Ahwazis were among the hundreds demonstrating outside Chatham House in London where former Iranian president Mohammad Khatami was lecturing on Iran domestic and foreign policies.
Chatham House is one of the world's leading think tanks for the analysis of international issues. At the meeting, Khatami discussed the use of torture and the recent British debate about the Muslim veil.
Mohammed Khatami presided over an administration that executed hundreds of its opponents, oppressed women and ethnic and religious minorities and crushed student and trade union activism.
Yet, the British establishment is praising this human rights abuser as a "reformist" and awarding him with an honorary doctorate at one of the UK's leading universities. Khatami is neither a reformer nor a democrat, but a murderous tyrant. Numbering five million people, Iran's Ahwazis are just one of many groups that faced violent persecution under Khatami and continue to face state terrorism under his successor, Mahmoud Ahmadinejad.
Khatami's stated plan, revealed in letters leaked to Al-Jazeera TV last year, was to reduce the Arab population from 70 per cent of the total population of Khuzestan - known to its Ahwazi Arab inhabitants as Al-Ahwaz or Arabistan - to 30 per cent by forcing Ahwazi Arabs out of their homes and enticing people from outside the province with jobs and interest-free loans denied to the indigenous population. Under Khatami, Ahwazi Arabs faced an official policy of discrimination and repression that has led to African levels of poverty - yet their homeland is one of the world's most oil-rich areas and the backbone of the Iranian economy!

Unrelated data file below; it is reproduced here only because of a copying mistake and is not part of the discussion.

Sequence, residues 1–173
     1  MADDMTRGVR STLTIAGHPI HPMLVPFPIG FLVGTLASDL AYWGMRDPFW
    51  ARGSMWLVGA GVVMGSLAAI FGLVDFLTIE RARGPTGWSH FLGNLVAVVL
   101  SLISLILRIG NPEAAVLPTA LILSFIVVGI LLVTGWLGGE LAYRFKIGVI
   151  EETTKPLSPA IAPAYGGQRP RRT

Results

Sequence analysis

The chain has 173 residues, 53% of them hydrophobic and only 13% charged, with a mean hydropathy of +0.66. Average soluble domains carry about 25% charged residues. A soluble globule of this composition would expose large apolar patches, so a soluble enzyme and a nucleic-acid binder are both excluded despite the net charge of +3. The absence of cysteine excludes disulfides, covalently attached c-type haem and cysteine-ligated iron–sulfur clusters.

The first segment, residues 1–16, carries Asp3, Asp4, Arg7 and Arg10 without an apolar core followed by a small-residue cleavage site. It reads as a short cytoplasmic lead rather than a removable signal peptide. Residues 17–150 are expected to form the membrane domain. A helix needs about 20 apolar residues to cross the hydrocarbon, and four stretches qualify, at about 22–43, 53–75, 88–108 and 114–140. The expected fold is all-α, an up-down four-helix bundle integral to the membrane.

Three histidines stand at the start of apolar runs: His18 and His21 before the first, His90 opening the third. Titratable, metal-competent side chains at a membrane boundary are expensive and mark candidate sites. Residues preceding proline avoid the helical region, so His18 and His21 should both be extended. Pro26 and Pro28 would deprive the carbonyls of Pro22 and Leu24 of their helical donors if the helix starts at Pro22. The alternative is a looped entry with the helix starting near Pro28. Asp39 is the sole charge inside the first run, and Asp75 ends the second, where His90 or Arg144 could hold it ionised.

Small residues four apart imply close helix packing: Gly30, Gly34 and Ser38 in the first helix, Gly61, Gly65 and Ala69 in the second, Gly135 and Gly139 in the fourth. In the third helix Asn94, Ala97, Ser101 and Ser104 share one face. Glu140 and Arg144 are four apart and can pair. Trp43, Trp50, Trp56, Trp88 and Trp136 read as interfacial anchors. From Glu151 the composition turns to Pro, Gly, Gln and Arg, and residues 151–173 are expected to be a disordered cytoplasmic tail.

Last year while Khatami was still in power, UN Special Rapporteur Miloon Kothari visited the areas devastated by Khatami's violent campaign which made hundreds of thousands of Ahwazi Arabs homeless in their own land. This is what he had to say: "[I]n Khuzestan [...] large development projects, like petrochemical plants, are being built leading to the displacement of entire villages - with thousands of people not consulted on the projects, informed of the impending displacement, nor offered adequate resettlement and compensation [...] the compensation being offered to the Arab villagers who were being displaced is sometimes one fortieth of the market value - and there is nothing they can do about it. It's a fait accompli. And all of these phenomena are continuing. It's something that is happening almost every day."
In April 2005, Ahwazi Arabs staged an unarmed uprising against Khatami's ethnic cleansing programme. The 'reformist' president moved swiftly to crush the intifada, with 25,000 Ahwazis arrested and hundreds more executed, killed unlawfully or 'disappeared'. Entire families have been imprisoned, including children as young as two and four years old.
Pictures of Ahwazis in the anti-Khatami demonstration outside Chatham House: